The oldest and most prestigious children’s literature award, the Newbery Medal has since 1922 been granted annually by the American Library Association to the children’s book it deems "most distinguished." Medal books enjoy an outsized influence on American children’s literature, figuring perennially on publishers’ lists, on library and bookstore shelves, and in school curricula. As such, they offer a compelling window into the history of US children’s literature and publishing, as well as into changing societal attitudes about which books are "best" for America’s schoolchildren. Yet literary scholars have disproportionately ignored the Medal winners in their research. This volume provides a critically- and historically-grounded scholarly analysis of representative but understudied Newbery Medal books from the 1920s through the 2010s, interrogating the disjunction between the books’ omnipresence and influence, on the one hand, and the critical silence surrounding them, on the other. Dust Off the Gold Medal makes a case for closing these scholarly gaps by revealing neglected texts’ insights into the politics of children’s literature prizing and by demonstrating how neglected titles illuminate critical debates currently central to the field of children’s literature. In particular, the essays shed light on the hidden elements of diversity apparent in the neglected Newbery canon while illustrating how the books respond—sometimes in quite subtle ways—to contemporaneous concerns around race, class, gender, disability, nationalism, and globalism.
Table of Contents
Introduction: The Gold Medal and the Ivory Tower
Sara L. Schwebel and Jocelyn Van Tuyl
1 The Dark Frigate (1924) and the Use of Masculinity in Early Newbery Culture
2 Punching Up, Punching Down: Anticolonial Resistance and Brahmanical Ideologies in Gay-Neck: The Story of a Pigeon (1928)
3. Sounding the Broken Note: The Trumpeter of Krakow (1929) and Polish History
Kenneth B. Kidd
4 Invincible Nina: Louisa May Alcott and the Depression-Era Feminism of Invincible Louisa (1934)
Anne K. Phillips and Gregory Eiselein
5 The Most Scorned of the Newbery Medalists?: Daniel Boone (1940)
Beverly Lyon Clark
6 In the Tradition of Cannibal Talk: Call it Courage (1941)
Mary K. Bercaw Edwards
7 Of Sultans, Studs, and Stable Boys: Equine and Literary Lineage in King of the Wind (1949)
Megan L. Musgrave
8 Double Dutch Nostalgia: The Wheel on the School (1955)
9 Lost Cat: It’s Like This, Cat (1964) and the Invention of Young Adult Literature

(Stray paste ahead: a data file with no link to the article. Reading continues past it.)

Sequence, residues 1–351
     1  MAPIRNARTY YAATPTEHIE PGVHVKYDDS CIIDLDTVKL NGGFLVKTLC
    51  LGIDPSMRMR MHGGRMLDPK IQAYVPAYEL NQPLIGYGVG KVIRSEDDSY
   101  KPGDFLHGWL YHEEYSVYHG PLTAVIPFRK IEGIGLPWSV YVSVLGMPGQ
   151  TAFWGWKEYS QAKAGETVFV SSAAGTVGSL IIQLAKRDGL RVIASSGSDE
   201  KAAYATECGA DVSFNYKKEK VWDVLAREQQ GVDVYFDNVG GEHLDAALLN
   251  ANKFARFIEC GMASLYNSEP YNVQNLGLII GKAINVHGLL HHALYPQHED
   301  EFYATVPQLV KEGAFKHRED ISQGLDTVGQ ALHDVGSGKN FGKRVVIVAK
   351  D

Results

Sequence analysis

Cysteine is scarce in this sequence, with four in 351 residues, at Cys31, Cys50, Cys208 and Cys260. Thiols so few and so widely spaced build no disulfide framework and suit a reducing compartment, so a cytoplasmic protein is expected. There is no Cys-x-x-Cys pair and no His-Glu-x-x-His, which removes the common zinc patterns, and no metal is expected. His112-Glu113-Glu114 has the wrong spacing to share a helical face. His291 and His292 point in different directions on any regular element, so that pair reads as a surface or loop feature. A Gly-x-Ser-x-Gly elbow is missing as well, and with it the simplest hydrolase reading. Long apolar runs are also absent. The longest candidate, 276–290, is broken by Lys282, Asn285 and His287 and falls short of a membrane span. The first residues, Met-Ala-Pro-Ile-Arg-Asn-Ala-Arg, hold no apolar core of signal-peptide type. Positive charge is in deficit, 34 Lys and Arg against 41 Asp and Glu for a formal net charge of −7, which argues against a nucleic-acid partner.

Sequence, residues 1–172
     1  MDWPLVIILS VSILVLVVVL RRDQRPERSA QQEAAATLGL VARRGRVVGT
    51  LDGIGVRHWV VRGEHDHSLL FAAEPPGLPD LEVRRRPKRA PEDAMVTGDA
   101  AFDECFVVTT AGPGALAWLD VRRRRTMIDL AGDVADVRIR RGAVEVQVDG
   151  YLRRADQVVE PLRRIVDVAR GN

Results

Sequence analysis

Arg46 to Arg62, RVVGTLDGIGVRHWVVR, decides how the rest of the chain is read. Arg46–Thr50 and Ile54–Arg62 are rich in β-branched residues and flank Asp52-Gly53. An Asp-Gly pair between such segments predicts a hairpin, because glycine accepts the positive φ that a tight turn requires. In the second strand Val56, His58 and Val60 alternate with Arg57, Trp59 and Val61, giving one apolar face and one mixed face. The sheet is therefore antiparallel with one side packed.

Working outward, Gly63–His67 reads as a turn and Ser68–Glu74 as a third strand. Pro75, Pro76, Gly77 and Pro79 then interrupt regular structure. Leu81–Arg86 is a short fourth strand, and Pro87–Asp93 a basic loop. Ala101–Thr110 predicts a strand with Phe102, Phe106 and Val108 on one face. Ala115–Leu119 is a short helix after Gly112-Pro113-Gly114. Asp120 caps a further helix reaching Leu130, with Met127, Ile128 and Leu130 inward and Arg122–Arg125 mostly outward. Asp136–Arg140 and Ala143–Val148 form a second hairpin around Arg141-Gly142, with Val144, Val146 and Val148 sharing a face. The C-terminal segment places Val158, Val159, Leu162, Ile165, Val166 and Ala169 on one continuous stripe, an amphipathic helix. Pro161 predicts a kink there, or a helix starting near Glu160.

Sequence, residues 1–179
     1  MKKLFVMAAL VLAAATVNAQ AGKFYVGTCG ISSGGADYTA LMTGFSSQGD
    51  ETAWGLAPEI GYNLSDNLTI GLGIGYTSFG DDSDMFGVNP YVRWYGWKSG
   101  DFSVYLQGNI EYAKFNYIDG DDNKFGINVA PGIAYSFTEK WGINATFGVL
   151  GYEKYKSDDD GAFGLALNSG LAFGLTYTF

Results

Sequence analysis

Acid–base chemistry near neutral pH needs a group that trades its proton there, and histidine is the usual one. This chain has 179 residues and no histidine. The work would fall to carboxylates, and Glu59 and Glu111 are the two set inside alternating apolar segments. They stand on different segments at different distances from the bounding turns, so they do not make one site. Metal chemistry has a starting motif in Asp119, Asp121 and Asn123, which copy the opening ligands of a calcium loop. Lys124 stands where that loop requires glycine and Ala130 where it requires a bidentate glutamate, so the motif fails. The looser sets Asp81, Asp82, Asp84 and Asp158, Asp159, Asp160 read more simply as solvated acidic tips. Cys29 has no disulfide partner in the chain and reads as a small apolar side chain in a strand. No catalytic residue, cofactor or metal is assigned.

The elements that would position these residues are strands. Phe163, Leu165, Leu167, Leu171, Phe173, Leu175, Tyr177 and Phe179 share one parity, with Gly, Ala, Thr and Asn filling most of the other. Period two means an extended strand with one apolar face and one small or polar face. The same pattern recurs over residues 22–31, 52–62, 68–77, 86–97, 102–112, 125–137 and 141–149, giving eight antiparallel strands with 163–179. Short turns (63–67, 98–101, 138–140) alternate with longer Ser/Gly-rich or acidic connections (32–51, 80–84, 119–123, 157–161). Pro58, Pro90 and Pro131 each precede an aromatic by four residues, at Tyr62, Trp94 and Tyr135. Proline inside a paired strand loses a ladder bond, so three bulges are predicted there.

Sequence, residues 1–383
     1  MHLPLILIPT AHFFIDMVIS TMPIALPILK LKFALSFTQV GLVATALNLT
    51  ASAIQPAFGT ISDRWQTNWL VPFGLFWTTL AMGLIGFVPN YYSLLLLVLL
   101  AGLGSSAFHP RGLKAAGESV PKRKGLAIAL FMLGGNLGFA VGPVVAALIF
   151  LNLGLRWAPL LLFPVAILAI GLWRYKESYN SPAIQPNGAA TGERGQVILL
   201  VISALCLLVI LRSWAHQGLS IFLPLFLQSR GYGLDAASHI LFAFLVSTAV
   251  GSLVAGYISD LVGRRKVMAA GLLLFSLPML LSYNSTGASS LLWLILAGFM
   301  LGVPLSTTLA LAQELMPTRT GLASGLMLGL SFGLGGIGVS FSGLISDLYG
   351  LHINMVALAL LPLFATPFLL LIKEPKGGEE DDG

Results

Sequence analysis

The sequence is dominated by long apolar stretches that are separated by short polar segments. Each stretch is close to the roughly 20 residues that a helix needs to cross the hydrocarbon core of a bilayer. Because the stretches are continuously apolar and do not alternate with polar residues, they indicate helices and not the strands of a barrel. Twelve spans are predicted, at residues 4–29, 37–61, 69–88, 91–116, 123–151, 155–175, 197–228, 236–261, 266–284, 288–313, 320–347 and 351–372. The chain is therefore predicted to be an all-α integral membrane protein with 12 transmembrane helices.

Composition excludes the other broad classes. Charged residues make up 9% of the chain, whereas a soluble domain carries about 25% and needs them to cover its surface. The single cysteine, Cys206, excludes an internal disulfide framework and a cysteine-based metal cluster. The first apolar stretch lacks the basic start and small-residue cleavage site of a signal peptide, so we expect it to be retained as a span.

Kathleen T. Horning and Jocelyn Van Tuyl
10 Vision, Visibility, and Disability: Re-Seeing The Summer of the Swans (1971) and The Westing Game (1979)
Sara K. Day and Paige Gray
11 The Women’s Poetry Movement and the Affordance of the Lyric: A Visit to William Blake’s Inn (1982)
12 "One Jew, one half-Jew, a WASP, and an Indian": Diversity in The View from Saturday (1997)
13 Ghosts of Japanese/American History in Kira-Kira (2005)
Giselle Liza Anatol
14 Playing to Win the Newbery: Black Boyhood in The Crossover (2015)
Rachel L. Rickard Rebellino and Rebekah May Degener
Sara L. Schwebel is Director of the Center for Children’s Books and Professor of Information Sciences at the University of Illinois Urbana-Champaign. She is the author of Child-Sized History: Fictions of the Past in U.S. Classrooms (2011); and the editor of Island of the Blue Dolphins: The Complete Reader’s Edition (2016) and The Lone Woman and Last Indians Digital Archive.
Jocelyn Van Tuyl is Professor of French at New College of Florida. She is the author of André Gide and the Second World War: A Novelist’s Occupation (2006), which was supported by a grant from the National Endowment for the Humanities; and the author-translator of André Gide et la Seconde Guerre mondiale: l’Occupation d’un homme de lettres (2017).
"The lens through which the books are viewed is a fresh one... In a cogent introduction, the editors provide a history of the founding of the Newbery Medal (addressing the relation>ship between the commercial interests of publishers and the gate-keeping fervor of the era’s children’s librarians); the elite nature of the award, at least through the end of the twentieth century; the ramifications of the secrecy surround>ing committee deliberations; the role of “bookwomen” in the children’s literature field; and more."
--The Horn Book Magazine
"Dust off the Gold Medal: Rediscovering Children’s Literature at the Newbery Centennial presents discussions revolving around not only the history of the Newbery Medal specifically, but also the wider philosophical debates surrounding the prizing of children’s books and the impact of this recognition on canonicity and value. The picture that emerges is complex and nuanced. […] The book is full of fascinating nuggets of information […] The collection is also effective in the way in which, whilst each chapter takes a specific winner as its focus, it also provides the reader with a sense of the Medal’s historical trajectory. […] The book contains many [examples of] fascinating complexity, not only around race but also about other issues such as the portrayal of disability […]. The introduction acknowledges a certain uneasiness that cannot be neatly resolved: the book is both ‘a homage’ to the Medal and an expression of the ‘contributors’ collective ambivalence about its legacy’ (12). Dust off the Gold Medal provides an excellent platform for discussion of these knotty, complex issues at a vital juncture for children’s literature."
--Liz West, University of Reading, IRSCL